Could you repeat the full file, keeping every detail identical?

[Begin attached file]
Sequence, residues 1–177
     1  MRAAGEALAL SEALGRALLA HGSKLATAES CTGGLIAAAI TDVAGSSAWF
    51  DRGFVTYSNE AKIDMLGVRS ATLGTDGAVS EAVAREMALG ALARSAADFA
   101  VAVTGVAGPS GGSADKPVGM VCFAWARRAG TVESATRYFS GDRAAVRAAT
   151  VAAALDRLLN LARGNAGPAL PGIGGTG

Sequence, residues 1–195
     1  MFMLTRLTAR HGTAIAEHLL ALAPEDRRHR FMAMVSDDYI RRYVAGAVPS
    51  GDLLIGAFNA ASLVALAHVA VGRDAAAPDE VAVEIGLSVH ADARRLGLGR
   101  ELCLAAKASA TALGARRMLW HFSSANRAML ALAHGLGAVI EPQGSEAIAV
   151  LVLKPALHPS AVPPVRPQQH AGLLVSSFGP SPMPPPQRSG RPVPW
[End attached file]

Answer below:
Sequence, residues 1–177
     1  MRAAGEALAL SEALGRALLA HGSKLATAES CTGGLIAAAI TDVAGSSAWF
    51  DRGFVTYSNE AKIDMLGVRS ATLGTDGAVS EAVAREMALG ALARSAADFA
   101  VAVTGVAGPS GGSADKPVGM VCFAWARRAG TVESATRYFS GDRAAVRAAT
   151  VAAALDRLLN LARGNAGPAL PGIGGTG

Sequence, residues 1–195
     1  MFMLTRLTAR HGTAIAEHLL ALAPEDRRHR FMAMVSDDYI RRYVAGAVPS
    51  GDLLIGAFNA ASLVALAHVA VGRDAAAPDE VAVEIGLSVH ADARRLGLGR
   101  ELCLAAKASA TALGARRMLW HFSSANRAML ALAHGLGAVI EPQGSEAIAV
   151  LVLKPALHPS AVPPVRPQQH AGLLVSSFGP SPMPPPQRSG RPVPW